Loopy for frost photos

I’ll warn you now: this post is entirely about…well, this post. Period. I spent a lot of time here on two separate days: first to get the really fine, spiky ice formations on the post and barbed wire, second to get the blasted ice of the following round of foggy cold.

 

First off, some color. Remember, it was a white, foggy day when I went out to this part of the fence. That doesn’t work well when you’re trying to capture the detail in the little spikes of frost (yes, Rime Ice) on the wire. In fact, the first photo in this post is the only one where I had a dark enough background to be able to discern the tips of the frost by way of contrast. So I chose to improvise in the interest of getting more definition.

 

The fine detail on Day One was absolutely stunning. Why wouldn’t I want to do everything in my power to be able to capture it?

 

Almost has a “crown of thorns” thing going on…doesn’t it? This is a blend of natural texture (the post) and matte in the background, so you can get a feel for how spiky this ice really is. It was like little white needles – or thorns.

 

Same shot, matte held closer. I love the contrast. I’ve always been one for a healthy dose of contrast, and I believe I owe that to my background in broadcasting. High definition – and now HDR – video doesn’t suffer from the same high-contrast characteristics of old standard definition, analog video like the stuff I grew up with. So my eye tends to prefer more contrast, since that is what I was accustomed to working with video since the eighties.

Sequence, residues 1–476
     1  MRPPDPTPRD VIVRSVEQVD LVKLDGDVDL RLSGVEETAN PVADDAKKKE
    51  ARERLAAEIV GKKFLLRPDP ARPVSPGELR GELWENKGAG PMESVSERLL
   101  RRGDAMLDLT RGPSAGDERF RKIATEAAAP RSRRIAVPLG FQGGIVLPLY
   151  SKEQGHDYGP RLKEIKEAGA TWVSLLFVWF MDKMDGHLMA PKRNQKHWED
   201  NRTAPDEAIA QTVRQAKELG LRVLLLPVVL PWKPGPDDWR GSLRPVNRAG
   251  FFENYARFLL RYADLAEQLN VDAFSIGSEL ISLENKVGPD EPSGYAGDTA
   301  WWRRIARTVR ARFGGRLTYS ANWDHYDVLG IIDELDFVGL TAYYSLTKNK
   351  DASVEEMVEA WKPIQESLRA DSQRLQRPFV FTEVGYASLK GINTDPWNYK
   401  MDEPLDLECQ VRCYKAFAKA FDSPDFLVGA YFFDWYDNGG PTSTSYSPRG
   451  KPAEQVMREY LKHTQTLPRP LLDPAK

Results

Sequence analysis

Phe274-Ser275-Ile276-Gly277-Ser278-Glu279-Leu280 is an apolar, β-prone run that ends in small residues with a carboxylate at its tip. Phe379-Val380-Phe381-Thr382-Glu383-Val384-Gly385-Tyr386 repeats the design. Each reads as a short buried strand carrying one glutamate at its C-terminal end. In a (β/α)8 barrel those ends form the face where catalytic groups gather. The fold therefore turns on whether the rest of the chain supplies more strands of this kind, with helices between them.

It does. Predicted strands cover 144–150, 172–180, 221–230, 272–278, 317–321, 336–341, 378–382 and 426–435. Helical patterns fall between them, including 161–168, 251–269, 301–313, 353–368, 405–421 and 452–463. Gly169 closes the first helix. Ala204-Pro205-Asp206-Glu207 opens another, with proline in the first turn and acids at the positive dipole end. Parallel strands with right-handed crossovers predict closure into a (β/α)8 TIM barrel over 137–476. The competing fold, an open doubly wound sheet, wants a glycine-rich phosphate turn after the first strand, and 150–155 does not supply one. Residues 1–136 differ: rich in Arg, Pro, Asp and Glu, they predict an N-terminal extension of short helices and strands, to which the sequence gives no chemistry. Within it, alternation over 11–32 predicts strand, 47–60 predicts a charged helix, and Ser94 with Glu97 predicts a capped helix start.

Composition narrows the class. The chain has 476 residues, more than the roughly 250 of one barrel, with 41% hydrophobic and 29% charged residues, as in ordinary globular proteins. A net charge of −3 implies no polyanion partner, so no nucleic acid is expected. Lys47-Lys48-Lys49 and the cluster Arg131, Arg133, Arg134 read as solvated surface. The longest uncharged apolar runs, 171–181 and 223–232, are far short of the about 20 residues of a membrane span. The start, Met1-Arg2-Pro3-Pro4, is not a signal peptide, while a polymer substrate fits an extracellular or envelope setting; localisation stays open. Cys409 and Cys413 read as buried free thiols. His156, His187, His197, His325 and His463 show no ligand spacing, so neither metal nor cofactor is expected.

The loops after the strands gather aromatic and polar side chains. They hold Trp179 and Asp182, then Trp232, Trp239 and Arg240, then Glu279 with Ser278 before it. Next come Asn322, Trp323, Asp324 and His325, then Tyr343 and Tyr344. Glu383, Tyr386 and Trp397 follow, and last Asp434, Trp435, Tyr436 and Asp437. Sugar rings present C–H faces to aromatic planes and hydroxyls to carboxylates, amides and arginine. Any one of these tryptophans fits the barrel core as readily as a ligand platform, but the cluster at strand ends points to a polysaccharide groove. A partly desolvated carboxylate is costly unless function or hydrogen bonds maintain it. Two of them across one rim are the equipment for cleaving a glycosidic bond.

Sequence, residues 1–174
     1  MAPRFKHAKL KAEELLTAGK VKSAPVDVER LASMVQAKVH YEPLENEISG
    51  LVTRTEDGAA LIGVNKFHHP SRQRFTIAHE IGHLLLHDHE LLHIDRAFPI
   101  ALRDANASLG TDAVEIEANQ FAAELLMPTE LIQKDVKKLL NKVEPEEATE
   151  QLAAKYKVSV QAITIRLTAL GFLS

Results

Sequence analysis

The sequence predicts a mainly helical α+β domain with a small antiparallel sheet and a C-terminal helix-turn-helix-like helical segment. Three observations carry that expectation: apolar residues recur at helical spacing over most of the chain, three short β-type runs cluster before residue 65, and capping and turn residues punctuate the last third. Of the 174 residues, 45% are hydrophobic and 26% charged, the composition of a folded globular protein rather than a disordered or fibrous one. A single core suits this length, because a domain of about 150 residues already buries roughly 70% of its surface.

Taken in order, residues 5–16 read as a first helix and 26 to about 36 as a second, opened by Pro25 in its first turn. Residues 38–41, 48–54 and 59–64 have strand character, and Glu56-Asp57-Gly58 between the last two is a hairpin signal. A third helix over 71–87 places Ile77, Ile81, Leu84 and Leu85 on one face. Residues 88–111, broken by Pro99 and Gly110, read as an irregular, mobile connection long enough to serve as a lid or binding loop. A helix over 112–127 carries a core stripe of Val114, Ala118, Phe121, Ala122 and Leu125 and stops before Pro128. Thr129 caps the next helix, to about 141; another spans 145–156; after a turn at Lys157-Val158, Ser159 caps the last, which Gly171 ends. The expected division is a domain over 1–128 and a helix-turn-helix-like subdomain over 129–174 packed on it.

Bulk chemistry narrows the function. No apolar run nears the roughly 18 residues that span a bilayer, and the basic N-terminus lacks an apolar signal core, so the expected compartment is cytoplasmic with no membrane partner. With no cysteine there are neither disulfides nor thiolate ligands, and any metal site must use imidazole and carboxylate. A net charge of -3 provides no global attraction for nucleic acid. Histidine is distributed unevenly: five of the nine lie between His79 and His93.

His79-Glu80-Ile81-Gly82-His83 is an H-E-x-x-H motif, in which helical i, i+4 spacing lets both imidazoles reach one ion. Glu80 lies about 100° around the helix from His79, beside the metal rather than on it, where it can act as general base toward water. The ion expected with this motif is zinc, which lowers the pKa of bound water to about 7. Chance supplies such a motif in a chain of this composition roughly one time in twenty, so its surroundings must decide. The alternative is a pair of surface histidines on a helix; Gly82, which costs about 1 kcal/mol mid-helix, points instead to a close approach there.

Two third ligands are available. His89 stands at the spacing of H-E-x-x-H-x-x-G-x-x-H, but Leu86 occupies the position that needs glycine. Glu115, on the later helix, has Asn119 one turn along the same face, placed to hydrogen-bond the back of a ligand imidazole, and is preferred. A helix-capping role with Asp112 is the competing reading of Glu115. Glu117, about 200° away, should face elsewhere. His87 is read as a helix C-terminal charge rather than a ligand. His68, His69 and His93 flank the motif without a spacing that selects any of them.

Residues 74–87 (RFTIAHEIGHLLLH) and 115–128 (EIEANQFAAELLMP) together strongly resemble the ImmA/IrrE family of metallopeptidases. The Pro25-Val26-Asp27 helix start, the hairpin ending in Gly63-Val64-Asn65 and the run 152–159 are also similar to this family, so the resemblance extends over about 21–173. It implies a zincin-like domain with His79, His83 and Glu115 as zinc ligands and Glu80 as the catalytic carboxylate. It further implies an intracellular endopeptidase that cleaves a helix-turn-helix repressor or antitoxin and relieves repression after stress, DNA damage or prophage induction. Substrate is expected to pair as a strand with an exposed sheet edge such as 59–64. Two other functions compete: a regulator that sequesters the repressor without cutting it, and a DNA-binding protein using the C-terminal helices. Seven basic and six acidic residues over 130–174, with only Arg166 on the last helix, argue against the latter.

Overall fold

Perhaps it looks almost marine in nature. Whale’s teeth…the fronds of a denizen from the ocean’s floor, or some deep coral reef…these spikes take on a life of their own.

 

Maybe a beard? As if this post has gone full-blown Hezekiah on us?

 

The second time around, however, this post had been absolutely blasted with ice overnight.

 

I was getting really cold, so I decided to shoot against a warmer backdrop. That way I could imagine I was able to feel my fingers at this point.

 

For the record, this is what the photos look like without a matte to separate the white ice spikes from the white background on a white day with a white sky. Get the picture? So not only did I get the chance to experiment with my little matte board technique, I was able to get photos under some really hostile conditions, while still coming away with some detail in the spikes which lured me out there in the first place. Not that I feel I need to defend this technique, but it bears explaining.

So that’s it for this post. About this post. I have many, many more photos to share, so hang in there…more are coming soon!